Section 230 is a part of the Communications Decency Act, or CDA, It is a way to protect our right to browse and speak openly, directly by deflecting legal responsibility from the website owner. It states that “No provider or user of an interactive computer service shall be treated as the publisher or speaker of any information provided by another information content provider.”
The CDA emerged as a component of the 1996 Telecommunications Act. This Act was passed to make the internet kid-friendly, with large banks of pornography making up vast civilian internet forums. Section 230 of the act was a protection to companies, allowing them to govern their sites from these standards, with members of the appropriate age allowed within,
Twenty years have passed since then, and within this period of time, the internet has grown into something so encompassing that these litigations put in place are protecting the worst, most gruesome of the internet, along with some of the best interfaces for user free-speech.
Emma Llanso, advocate for the Center for Democracy and Technology sums up its importance, “Section 230 is as important as the First Amendment to protecting free speech online, certainly here in the U.S.”
Companies receive a partial immunity from legal troubles and there have been further boundaries pushed to even protect internet servers more. This does not align with the actual CDA guidelines, which has evolved to defend companies, even those with purposeful illegal content.
Discrimination and Section 230
Websites that base purchase, or renting eligibility, collect vital information that ables discrimination. Selden vs Airbnb is an example of this discrimination at travelling sites that request demographical information. The Plaintiff, Selden, accused the company to be at fault for an occurrence with a property owner on their platform. After Selden, who is African American, was refused service, he made two profiles with caucasian profile pictures.
Next, the report claims, “Selden used the two imitation profiles to request accommodations for the exact same dates and from the exact same Airbnb Host agent that rejected him. Subsequently, and on the same day in March 2015, the same Airbnb Host agent that originally rejected Selden immediately accepted both of the white imitation Airbnb accounts.”
While it is debatable is Airbnb should be held accountable for their user’s tendencies (even if racist,) there are real troubles when thinking of them not limiting racial profiling and discrimination within their service.
If these businesses are protected under Section 230, there is no concrete way this discrimination will have real consequences to these platforms that enable outgrouping or even have restrictions placed on their further use of the content.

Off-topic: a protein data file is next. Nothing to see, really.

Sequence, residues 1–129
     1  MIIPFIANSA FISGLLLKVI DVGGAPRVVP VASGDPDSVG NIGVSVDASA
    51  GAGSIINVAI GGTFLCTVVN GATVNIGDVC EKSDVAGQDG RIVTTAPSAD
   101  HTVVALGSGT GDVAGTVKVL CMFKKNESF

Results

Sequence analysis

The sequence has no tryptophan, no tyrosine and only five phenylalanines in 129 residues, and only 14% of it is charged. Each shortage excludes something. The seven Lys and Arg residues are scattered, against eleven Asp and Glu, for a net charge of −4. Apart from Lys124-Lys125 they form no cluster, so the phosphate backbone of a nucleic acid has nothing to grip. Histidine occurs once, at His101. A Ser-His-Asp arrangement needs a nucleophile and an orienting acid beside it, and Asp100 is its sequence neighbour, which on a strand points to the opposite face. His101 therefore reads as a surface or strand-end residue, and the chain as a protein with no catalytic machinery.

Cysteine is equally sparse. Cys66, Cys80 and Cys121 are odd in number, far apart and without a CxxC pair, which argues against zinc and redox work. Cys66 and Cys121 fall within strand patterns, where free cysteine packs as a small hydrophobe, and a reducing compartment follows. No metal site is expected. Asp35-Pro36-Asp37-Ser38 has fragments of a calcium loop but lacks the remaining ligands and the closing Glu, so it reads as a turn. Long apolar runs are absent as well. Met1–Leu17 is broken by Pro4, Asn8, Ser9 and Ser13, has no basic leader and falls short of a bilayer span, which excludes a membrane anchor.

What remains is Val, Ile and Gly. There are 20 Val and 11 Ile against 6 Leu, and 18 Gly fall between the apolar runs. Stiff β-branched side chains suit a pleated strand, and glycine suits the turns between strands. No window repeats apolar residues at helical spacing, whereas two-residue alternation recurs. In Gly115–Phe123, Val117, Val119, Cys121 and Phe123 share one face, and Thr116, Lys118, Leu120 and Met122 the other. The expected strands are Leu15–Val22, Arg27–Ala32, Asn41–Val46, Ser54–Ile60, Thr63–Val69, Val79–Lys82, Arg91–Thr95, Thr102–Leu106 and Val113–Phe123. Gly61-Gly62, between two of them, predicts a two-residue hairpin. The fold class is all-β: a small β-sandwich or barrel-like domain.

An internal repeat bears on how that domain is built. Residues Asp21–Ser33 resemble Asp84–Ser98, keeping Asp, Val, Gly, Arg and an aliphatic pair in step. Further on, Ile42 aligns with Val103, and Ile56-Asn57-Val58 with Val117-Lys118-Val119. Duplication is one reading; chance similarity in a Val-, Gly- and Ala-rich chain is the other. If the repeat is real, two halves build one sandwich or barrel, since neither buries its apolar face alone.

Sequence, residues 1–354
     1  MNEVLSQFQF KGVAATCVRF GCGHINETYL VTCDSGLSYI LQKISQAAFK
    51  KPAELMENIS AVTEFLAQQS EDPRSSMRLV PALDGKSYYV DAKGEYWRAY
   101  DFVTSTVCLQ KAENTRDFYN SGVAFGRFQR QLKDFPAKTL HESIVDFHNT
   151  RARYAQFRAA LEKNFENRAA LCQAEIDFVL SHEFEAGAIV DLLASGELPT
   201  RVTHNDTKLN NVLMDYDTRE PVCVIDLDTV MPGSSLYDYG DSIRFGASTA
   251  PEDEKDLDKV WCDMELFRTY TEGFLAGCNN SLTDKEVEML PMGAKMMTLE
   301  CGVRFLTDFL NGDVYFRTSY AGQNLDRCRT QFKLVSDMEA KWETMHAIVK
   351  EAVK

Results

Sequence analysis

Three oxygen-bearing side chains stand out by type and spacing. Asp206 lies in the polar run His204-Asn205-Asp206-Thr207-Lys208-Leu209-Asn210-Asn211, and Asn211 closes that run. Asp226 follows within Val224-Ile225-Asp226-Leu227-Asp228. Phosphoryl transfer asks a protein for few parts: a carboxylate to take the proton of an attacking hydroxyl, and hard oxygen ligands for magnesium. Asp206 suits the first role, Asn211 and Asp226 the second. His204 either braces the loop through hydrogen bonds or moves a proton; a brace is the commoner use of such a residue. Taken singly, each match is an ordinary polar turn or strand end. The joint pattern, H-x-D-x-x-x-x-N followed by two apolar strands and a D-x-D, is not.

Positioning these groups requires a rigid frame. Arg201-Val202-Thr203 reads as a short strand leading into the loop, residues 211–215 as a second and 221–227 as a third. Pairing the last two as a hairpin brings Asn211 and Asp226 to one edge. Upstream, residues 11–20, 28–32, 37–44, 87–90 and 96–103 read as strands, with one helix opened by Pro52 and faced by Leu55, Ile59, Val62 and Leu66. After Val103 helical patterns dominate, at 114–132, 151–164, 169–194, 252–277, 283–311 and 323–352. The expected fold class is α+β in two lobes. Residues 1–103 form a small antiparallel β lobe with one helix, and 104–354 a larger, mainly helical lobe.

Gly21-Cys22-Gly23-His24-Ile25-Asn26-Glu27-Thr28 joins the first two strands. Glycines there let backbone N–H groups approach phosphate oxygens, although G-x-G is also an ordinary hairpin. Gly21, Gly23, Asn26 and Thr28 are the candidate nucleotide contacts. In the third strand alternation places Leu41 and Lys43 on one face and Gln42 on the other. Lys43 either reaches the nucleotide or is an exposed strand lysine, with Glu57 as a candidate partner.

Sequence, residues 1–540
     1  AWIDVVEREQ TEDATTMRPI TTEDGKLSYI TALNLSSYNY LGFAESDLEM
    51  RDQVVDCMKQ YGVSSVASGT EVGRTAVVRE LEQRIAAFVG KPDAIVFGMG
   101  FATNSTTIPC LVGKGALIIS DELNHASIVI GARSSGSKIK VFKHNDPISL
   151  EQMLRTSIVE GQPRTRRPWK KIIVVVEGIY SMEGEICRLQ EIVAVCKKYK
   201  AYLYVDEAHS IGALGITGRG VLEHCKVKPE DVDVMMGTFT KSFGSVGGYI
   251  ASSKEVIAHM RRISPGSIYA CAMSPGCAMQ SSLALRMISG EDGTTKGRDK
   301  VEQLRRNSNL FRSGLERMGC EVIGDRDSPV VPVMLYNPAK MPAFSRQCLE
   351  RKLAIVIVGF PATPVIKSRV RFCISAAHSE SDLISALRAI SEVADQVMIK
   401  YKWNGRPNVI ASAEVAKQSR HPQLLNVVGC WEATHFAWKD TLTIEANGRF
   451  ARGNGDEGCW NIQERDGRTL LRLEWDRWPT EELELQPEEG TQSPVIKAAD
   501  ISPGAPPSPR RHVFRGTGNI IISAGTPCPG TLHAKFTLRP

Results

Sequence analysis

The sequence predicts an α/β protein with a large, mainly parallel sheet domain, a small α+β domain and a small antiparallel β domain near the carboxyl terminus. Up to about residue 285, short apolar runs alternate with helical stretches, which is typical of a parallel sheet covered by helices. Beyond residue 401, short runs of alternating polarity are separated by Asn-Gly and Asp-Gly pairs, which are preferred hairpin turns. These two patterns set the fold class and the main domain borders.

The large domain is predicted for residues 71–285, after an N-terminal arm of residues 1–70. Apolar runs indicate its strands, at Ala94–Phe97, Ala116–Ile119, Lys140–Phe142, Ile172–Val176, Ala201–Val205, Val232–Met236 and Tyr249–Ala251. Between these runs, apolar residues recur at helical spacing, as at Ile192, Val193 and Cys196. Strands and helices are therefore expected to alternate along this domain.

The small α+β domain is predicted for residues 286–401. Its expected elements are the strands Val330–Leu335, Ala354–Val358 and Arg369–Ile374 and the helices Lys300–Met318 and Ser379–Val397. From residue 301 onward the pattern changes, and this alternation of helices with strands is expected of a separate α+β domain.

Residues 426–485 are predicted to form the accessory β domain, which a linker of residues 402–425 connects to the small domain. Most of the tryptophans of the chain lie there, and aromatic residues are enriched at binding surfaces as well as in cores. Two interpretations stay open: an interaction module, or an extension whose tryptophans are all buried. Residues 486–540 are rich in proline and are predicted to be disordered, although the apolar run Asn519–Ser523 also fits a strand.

Civil rights violations occur in many ways. Section 230 does affect demographic linked apps to abuse the user’s information for discrimination. However, without this servicer protection, it directly makes platforms accountable for the content being shared in it. Down the line, this will result in the companies no longer surviving court battles with Section 230 as their scapegoat, so they will limit user interfacing and strict content bans.
Section 230 and Social Media’s Freedom of Speech
Discussing platforms dependent on user interfacing and their right to do so opinionatedly, Facebook’s longevity has a direct tie to Section 230. Facebook, like Airbnb, uses the real identities and habits of their users for suggested advertising. Any business account can target customers from particular demographics for their services, or deny them for their own private reasons.
With the freedom of speech being scene throughout the platform, this amounts to questionable user opinions with a few dangerous individuals mixed in. Facebook has had trials over their responsibility for anti-United States Groups or hosting terrorists. Their cyber-bullying problems are seen as unfixable, yet still, Facebook does not account for these issues.
If Section 230 does not continue as the leverage of social media outlets, there would be severe restrictions put in place, that many users would have problems adhering to. The media outlets could still be hosted on protected servers, where anyone with a VPN free trial could access it.
The Bottom Line
Of course, our freedom of speech is important, but there are two sides to this debate, both with viable points. To eliminate Section 230 could lead to a limited internet, where the government is in full control of what is, or is not, allowed on the web. Complete websites would be unavailable on US servers, and Facebook’s limitations would result in fewer users or an overall shut-down.
With Section 230 the way it is, it certainly needs to be reformatted to actually promote safety online, and have standards for these website companies to actually adhere. While some of the responsibilities of their users are not their fault, the company should act as promoters of safe web-use.